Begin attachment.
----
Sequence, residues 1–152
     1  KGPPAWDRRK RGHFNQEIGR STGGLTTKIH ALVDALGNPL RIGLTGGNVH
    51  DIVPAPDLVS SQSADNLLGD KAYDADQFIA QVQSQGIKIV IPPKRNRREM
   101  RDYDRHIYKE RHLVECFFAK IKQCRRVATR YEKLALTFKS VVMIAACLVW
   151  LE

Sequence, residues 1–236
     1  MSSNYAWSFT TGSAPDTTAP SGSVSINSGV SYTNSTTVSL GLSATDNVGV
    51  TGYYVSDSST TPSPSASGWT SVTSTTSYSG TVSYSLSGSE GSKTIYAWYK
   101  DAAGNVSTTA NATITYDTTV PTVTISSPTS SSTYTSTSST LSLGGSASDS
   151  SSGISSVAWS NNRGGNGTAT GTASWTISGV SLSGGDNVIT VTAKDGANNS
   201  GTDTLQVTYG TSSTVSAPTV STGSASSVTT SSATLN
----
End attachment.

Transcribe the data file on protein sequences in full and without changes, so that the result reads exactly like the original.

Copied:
Sequence, residues 1–152
     1  KGPPAWDRRK RGHFNQEIGR STGGLTTKIH ALVDALGNPL RIGLTGGNVH
    51  DIVPAPDLVS SQSADNLLGD KAYDADQFIA QVQSQGIKIV IPPKRNRREM
   101  RDYDRHIYKE RHLVECFFAK IKQCRRVATR YEKLALTFKS VVMIAACLVW
   151  LE

Sequence, residues 1–236
     1  MSSNYAWSFT TGSAPDTTAP SGSVSINSGV SYTNSTTVSL GLSATDNVGV
    51  TGYYVSDSST TPSPSASGWT SVTSTTSYSG TVSYSLSGSE GSKTIYAWYK
   101  DAAGNVSTTA NATITYDTTV PTVTISSPTS SSTYTSTSST LSLGGSASDS
   151  SSGISSVAWS NNRGGNGTAT GTASWTISGV SLSGGDNVIT VTAKDGANNS
   201  GTDTLQVTYG TSSTVSAPTV STGSASSVTT SSATLN